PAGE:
Student work featured at international computer graphics conference
Sixty-two students at the University of Hawaiʻi at Mānoa Academy for Creative Media (ACM) and Laboratory for Advanced Visualization and Applications (LAVA) will showcase their works at SIGGRAPH 2020, one of the largest and most prestigious annual conferences for computer graphics and interactive techniques.
Originally planned as an in-person event in Washington, D.C., the conference will be held virtually from August 17–28, due to the COVID-19 pandemic. The pieces were submitted by ACM Assistant Professors Brittany Biggs and Laura Margulies, and ACM and Information and Computer Sciences (ICS) Professor and LAVA Director Jason Leigh.
“ACM Mānoa is very proud of the accomplishments of the students in ACM/ICS,” ACM Mānoa Chair Christine Acham said. “The sheer number of projects that have been recognized also speaks to the mentorship of the professors Brittany Biggs and Laura Margulies as well as LAVA Lab Director Jason Leigh. As the program continues to grow, I look forward to celebrating their continuing accomplishments.”
“Conferences like SIGGRAPH are a great way to network and jumpstart careers,” Biggs said. “Being able to highlight that their work was showcased at SIGGRAPH is a significant accomplishment and one that will help their resumes stand out to recruiters and hiring managers.”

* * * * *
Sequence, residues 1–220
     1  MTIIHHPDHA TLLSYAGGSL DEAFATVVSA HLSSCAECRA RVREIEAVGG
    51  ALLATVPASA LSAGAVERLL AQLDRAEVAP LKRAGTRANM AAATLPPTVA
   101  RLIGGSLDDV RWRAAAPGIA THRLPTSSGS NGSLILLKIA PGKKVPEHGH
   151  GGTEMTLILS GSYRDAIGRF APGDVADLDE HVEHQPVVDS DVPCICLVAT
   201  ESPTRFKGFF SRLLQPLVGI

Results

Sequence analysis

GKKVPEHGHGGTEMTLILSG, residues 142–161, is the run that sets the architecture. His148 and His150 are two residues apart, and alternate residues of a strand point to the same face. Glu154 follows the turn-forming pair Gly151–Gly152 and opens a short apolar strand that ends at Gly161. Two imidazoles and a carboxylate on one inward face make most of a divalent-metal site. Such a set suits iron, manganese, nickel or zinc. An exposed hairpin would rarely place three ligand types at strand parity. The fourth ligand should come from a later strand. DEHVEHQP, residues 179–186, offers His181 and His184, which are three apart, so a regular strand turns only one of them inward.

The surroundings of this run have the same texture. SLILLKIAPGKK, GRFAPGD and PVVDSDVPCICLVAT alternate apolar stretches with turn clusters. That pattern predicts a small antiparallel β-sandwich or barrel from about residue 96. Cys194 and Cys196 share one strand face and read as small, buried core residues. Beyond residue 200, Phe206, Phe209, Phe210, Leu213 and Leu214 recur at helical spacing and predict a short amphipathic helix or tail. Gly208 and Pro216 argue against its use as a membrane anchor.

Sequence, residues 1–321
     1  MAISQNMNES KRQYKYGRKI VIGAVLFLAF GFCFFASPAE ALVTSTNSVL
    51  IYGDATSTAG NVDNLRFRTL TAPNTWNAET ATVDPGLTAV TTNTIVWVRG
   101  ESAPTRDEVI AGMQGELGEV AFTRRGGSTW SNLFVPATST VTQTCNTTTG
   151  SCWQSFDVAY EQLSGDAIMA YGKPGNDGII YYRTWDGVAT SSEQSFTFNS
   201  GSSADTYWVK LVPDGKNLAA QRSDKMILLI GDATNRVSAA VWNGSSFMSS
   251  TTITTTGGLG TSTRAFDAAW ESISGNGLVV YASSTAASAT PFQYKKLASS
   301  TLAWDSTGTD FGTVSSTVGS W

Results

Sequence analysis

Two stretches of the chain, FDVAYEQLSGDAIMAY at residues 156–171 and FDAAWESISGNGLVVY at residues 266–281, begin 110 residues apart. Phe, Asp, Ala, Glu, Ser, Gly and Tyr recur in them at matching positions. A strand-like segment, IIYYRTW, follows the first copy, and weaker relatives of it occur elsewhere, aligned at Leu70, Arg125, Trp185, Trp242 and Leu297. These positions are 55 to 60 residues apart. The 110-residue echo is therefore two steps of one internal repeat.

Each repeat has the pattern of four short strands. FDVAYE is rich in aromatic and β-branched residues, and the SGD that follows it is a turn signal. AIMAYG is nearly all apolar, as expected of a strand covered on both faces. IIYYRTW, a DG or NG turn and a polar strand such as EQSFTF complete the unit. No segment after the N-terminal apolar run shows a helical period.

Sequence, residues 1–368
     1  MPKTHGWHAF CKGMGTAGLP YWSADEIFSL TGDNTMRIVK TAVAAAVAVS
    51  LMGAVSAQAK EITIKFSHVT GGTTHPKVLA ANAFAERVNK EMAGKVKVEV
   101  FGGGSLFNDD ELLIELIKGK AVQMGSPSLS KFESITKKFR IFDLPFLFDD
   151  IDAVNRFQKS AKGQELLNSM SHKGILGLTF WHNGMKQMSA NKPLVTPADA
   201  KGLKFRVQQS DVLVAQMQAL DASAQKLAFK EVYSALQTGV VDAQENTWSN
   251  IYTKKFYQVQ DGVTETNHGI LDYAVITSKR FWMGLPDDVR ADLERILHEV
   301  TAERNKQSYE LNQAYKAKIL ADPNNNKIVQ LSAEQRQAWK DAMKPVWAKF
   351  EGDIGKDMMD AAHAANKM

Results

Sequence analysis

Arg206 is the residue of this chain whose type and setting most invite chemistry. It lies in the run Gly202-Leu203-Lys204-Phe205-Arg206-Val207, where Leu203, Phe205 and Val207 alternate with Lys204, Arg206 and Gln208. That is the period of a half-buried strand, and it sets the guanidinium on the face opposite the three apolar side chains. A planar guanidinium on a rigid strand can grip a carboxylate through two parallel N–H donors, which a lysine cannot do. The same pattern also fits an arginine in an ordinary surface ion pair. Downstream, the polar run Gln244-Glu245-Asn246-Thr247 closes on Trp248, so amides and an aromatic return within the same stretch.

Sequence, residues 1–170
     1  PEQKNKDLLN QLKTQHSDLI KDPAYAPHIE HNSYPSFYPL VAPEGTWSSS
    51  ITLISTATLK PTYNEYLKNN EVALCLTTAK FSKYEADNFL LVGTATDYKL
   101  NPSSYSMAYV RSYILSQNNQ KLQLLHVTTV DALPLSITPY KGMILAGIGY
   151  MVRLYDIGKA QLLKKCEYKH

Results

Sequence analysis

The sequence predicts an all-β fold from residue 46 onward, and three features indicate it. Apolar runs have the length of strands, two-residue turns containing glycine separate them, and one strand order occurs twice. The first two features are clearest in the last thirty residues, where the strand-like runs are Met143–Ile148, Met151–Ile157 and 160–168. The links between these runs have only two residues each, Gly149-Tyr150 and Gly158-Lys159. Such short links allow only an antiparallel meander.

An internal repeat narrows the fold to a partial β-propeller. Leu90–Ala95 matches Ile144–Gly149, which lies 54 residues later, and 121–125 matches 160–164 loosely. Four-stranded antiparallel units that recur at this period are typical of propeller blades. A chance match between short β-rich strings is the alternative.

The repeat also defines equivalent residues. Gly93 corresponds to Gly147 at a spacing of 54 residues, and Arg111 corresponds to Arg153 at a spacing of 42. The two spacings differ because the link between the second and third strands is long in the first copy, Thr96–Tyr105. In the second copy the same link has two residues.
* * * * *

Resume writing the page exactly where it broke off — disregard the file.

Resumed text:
Pieces from three of Biggs’s courses will be highlighted at the conference. They included completed projects from a “minion style character” assignment, where students had to model, texture, rig and pose a minion-style character (a cylindrical shaped character with arms, legs and a face); a compilation of short 3D character animation performances that focused on a certain action while also exhibiting personality; and two short, animated films produced by group teams
“The most memorable piece for me from these assignments is witnessing the excitement students experience when creating something from nothing—whether it’s creating a digital environment from scratch, breathing life and personality into a digital character, or visually sharing a story they’ve only envisioned in their minds,” Biggs said.
Works from Margulies’s courses included a compilation of short 2D character animation performances that focused on a certain action or technique; and short, animated films that were experimental in nature, method, content, tone or presentation.
“These high quality works show strong personal and artistic visions,” Margulies said. “While the projects started with specific prompts, these students took the idea and grew them, following their own inner narrative. The creative pieces that resulted are original and surprising and bring something new to animation.”
Featured works from Leigh’s course involved working in teams to develop a multiplayer video game for a 20-foot tiled display wall with a resolution of 10K x 3K. Leigh said creating video games will not skip a beat during the COVID-19 pandemic.
“Developing video games is one of those things that is easy to do during a pandemic lockdown,” Leigh said. “You just need computers, imagination and some technical, artistic and musical skills. That’s what you get when you combine students from computer science, creative media and music together.”